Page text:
A statistical process control approach using cumulative sum control chart analysis for traffic data quality verification and sensor calibration for weigh-in-motion systems

Indrajit Chatterjee, Chen-Fu Liao, Gary A Davis

Research output: Contribution to journalArticle

3 Citations (Scopus)

Abstract

Weigh-in-motion systems have been widely used by state agencies to collect the traffic data on major state roadways and bridges to support traffic load forecasting, pavement design and analysis, infrastructure investment decision making, and transportation planning. However, the weigh-in-motion system itself poses difficulties in obtaining accurate data due to sensor characteristics that can be sensitive to vehicle speed, weather conditions, and changes in surrounding pavement conditions. This study focuses on developing a systematic methodology to detect weigh-in-motion sensor bias and enhance current practices for weigh-in-motion calibration. A mixture modeling technique using an expectation maximization algorithm was developed to divide the vehicle class 9 gross vehicle weight into three normally distributed components: unloaded, partially loaded, and fully loaded trucks. Then the well-known statistical process control technique cumulative sum control chart analysis was applied to expectation maximization estimates of daily mean gross vehicle weight for fully loaded trucks to identify and estimate shifts in the weigh-in-motion sensor. Special attention was given to the presence of autocorrelation in the data by fitting an autoregressive time-series model and then performing cumulative sum control chart analysis on the fitted residuals. Results from the analysis suggest that the proposed methodology is able to estimate a shift in the weigh-in-motion sensor accurately and also indicate the time point when the system went out of calibration. This methodology can be effectively implemented by state agencies, resulting in more accurate and reliable weigh-in-motion data.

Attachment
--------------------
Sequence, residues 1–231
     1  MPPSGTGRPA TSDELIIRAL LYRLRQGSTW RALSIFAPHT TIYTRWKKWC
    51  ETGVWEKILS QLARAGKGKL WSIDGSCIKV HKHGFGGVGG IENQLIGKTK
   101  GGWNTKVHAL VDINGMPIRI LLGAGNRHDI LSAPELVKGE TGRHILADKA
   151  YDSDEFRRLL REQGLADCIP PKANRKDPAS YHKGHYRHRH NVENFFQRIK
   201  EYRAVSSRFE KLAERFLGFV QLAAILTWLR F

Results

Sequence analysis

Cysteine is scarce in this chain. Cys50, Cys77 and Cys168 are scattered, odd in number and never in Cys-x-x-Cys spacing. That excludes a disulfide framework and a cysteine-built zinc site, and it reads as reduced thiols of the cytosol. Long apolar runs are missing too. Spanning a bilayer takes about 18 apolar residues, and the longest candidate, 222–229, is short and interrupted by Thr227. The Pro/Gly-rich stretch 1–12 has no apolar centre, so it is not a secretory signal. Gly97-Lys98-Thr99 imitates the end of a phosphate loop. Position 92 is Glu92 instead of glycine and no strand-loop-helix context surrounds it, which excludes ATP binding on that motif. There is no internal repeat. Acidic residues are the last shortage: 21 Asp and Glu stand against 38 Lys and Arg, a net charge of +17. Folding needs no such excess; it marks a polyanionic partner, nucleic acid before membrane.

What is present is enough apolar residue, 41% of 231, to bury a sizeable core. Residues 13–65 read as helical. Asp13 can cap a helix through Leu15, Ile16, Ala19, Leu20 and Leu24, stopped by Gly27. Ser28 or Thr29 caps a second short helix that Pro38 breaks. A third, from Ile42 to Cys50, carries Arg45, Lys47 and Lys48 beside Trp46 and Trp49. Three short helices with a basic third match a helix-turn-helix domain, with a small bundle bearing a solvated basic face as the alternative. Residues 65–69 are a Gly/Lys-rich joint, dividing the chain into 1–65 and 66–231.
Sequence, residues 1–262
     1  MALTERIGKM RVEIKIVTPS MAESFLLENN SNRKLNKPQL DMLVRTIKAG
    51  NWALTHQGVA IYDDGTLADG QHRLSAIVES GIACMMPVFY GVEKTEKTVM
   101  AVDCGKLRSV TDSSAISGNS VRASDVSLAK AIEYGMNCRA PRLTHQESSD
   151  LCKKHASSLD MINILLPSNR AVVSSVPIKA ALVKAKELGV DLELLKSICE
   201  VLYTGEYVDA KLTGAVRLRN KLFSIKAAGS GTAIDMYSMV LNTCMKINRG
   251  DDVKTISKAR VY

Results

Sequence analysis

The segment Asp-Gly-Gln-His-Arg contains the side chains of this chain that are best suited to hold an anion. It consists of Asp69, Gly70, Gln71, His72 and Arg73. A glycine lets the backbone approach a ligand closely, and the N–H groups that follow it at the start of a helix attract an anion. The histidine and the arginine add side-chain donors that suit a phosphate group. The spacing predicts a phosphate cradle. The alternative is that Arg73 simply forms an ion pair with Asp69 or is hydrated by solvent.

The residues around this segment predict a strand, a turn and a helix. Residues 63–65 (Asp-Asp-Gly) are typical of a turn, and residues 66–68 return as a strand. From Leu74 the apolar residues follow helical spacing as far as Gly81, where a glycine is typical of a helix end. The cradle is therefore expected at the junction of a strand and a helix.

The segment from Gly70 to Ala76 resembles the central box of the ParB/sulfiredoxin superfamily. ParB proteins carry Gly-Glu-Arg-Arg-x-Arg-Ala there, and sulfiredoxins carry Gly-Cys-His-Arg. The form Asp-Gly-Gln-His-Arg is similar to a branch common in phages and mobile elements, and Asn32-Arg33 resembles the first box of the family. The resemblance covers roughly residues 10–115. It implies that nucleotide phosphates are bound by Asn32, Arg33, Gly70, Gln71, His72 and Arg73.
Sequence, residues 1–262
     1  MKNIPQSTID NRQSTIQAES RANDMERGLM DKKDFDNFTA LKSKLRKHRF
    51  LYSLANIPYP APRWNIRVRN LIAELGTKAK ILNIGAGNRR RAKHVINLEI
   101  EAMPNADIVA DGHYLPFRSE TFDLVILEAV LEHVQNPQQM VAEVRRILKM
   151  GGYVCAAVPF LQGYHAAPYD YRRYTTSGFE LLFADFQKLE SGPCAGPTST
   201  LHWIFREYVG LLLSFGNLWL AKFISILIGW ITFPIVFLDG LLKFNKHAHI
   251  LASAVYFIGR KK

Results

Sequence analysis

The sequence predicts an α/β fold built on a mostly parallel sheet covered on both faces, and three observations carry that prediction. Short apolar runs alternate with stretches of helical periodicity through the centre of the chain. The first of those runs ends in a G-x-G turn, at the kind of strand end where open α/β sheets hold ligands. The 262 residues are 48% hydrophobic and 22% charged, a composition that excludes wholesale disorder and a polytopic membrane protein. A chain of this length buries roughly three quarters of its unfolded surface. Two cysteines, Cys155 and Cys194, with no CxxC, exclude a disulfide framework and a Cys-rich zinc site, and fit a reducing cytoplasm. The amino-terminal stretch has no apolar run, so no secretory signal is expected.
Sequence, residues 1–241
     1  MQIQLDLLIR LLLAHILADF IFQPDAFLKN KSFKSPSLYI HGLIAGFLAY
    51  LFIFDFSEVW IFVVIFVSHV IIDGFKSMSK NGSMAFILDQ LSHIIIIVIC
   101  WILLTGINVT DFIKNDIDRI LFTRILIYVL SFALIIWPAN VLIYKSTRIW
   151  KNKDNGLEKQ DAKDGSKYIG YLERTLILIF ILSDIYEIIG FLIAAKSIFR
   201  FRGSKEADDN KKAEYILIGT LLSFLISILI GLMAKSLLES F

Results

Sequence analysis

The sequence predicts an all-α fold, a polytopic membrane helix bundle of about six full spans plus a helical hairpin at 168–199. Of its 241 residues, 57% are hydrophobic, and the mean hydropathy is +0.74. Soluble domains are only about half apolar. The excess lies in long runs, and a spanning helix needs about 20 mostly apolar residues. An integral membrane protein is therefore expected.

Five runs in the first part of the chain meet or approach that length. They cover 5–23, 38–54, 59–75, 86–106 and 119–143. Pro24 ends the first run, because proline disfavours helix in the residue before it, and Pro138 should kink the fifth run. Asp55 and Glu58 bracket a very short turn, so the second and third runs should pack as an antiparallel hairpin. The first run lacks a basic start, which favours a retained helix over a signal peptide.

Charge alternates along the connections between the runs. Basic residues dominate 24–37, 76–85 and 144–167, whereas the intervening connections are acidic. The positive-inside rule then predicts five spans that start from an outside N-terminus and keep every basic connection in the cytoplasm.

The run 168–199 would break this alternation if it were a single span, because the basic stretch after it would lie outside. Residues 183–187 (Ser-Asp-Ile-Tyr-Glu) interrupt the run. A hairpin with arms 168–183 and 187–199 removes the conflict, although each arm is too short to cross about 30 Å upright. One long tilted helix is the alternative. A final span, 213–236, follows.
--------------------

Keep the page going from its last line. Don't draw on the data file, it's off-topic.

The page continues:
Original languageEnglish (US)
Pages (from-to)111-122
Number of pages12
JournalJournal of Intelligent Transportation Systems: Technology, Planning, and Operations
Volume21
Issue number2
DOIs
StatePublished - Mar 4 2017

Fingerprint

Weigh-in-motion (WIM)
Statistical Process Control
Statistical process control
Cumulative Sum
Data Quality
Control Charts
Calibration
Traffic
Sensor
Motion
Sensors
Gross
Pavements
Trucks
Methodology
Estimate
Load Forecasting
Autoregressive Time Series
Mixture Modeling
Expectation Maximization

Keywords

  • CUSUM introduction
  • traffic data quality
  • weigh-in-motion

Cite this

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abstract = "Weigh-in-motion systems have been widely used by state agencies to collect the traffic data on major state roadways and bridges to support traffic load forecasting, pavement design and analysis, infrastructure investment decision making, and transportation planning. However, the weigh-in-motion system itself poses difficulties in obtaining accurate data due to sensor characteristics that can be sensitive to vehicle speed, weather conditions, and changes in surrounding pavement conditions. This study focuses on developing a systematic methodology to detect weigh-in-motion sensor bias and enhance current practices for weigh-in-motion calibration. A mixture modeling technique using an expectation maximization algorithm was developed to divide the vehicle class 9 gross vehicle weight into three normally distributed components: unloaded, partially loaded, and fully loaded trucks. Then the well-known statistical process control technique cumulative sum control chart analysis was applied to expectation maximization estimates of daily mean gross vehicle weight for fully loaded trucks to identify and estimate shifts in the weigh-in-motion sensor. Special attention was given to the presence of autocorrelation in the data by fitting an autoregressive time-series model and then performing cumulative sum control chart analysis on the fitted residuals. Results from the analysis suggest that the proposed methodology is able to estimate a shift in the weigh-in-motion sensor accurately and also indicate the time point when the system went out of calibration. This methodology can be effectively implemented by state agencies, resulting in more accurate and reliable weigh-in-motion data.",
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